This week onIt's All About Product Placement and Tyra
, I was, sadly, bored out of my gourd -- it is officially fall, after all.
But seriously, I remember those seasons of yore when the models were put into sideshow-freak prosthetics and wind tunnels and there were actual crises amongst the competitors. This season we've seen seriously cool photographers and amazing fashion, but the challenges have been punny (high fashion ... on an elevated catwalk!) and bland. Also: Too. Much. Tyra.
The girls were challenged to sell some new Cover Girl make-up kit to customers in a tent in the parking lot of a Walmart at the ass crack of dawn. They worked in teams and were expected to present the kit like real-life spokesmodels, except they're not, so that posed a bit of a problem. Derek Blasberg, author of Classy: Exceptional Advice for the Extremely Modern Lady and the fashion journalist accused of some decidedly unclassy business practices back in June, was also on hand to rate the girls on their product pimpage.
Dallas' Ann was the shyest, the most silent and the worst according to all surveyed. The shell's still closed despite her statement at the beginning of the show that after four wins she was feeling less like that "gangly girl" in the back of the classroom and more pretty, more like a model. The whole thing was a lame commercial -- so much for DVR fast-forwarding, damn. Also, "noted fashion photographer" and challenge puppet master Nigel Barker had on way too much make-up.
The actual photo challenge featured the talents of crazy awesome stylist Lori Goldstein and revered photographer Patrick Demarchelier. The set-up was on Rodeo Drive with -- once again -- the male models. For the first shot, the girls walked down the street in pairs with one dude, save Arlington's Chris, since an uneven number of girls remain. Then they hopped, skipped or lept for an action shot and gave up some face for a tightly cropped beauty shot. Seemed rather pedestrian [rimshot!] considering Demarchelier's artistic nature, but I'd guess Tyra pulled in a favor -- especially since she showed up, pretending to speak French and regaling him with stories about her younger self while she pretended not to hear tourists calling her name.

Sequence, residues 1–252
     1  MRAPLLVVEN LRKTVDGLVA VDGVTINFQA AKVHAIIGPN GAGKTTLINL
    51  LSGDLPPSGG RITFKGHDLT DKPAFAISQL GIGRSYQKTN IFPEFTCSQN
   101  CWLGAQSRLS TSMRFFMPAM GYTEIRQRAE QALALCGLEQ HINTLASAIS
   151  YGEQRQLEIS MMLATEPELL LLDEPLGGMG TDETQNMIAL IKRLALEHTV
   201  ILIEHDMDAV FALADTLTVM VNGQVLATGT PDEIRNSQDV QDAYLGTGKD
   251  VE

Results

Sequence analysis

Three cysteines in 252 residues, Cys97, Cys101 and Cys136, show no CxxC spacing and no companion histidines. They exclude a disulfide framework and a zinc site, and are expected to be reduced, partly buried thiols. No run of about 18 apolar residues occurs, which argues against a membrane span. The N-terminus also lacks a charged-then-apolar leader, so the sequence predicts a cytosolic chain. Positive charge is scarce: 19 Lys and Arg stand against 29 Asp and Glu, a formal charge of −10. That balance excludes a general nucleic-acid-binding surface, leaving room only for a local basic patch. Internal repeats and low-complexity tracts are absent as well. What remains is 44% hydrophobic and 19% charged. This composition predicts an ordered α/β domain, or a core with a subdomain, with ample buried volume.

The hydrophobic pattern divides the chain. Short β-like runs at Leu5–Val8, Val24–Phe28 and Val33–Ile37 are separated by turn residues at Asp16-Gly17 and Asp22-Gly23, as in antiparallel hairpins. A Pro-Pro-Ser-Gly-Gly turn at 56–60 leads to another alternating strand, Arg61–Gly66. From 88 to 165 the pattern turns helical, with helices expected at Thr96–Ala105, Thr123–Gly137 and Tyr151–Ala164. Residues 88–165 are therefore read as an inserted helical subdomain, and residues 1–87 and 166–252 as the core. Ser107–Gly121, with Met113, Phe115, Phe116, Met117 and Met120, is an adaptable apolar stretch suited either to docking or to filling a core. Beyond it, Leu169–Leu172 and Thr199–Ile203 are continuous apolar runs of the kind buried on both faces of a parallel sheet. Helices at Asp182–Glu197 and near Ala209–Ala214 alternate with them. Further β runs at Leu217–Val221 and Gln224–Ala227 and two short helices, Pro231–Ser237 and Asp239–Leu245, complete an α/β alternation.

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Liz was paired with Kendal, who, without a doubt, stole the group shot away from her. Liz's action shot was also strained. It looked more like she was impersonating a model instead of modeling, and Tyra mused that Liz appeared to be making fun of the whole thing. Chris rocked her photos, pulling off some sort of chameleon's transformation into a sweet and smitten young thing. Fabulous, but more appropriate, the judges thought, for Teen Vogue.
Ann was paired with the ice blond gap-toothed Chelsey. Even with Tyra's on-set coaching, Ann lurched down the street like a stiff velociraptor in red Converse. Nevertheless, what was captured on film was perfection. Andre Leon Talley saw her solo action shot and exclaimed, "Beyond everything ever!" Her beauty shot showed yet another amazing look altogether (Talley referenced an "English beauty").
Nigel offered the only negative, pointing out that while she owns the camera, she must open up since spokesmodeling and personality are a large part of winning America's Next Top Model (which may or may not translate to "selling Cover Girl products and the products of other sponsors"). Whatever. Ann should have time to work on opening up because her three photos secured her a FIFTH WIN in a row, as well as all the hatred and envy the other girls could muster while still being able to hide it behind their "smize." Or is it "smizes"?
Next week: Grammy challenge. Models styling each other. Liz has to dress in drag.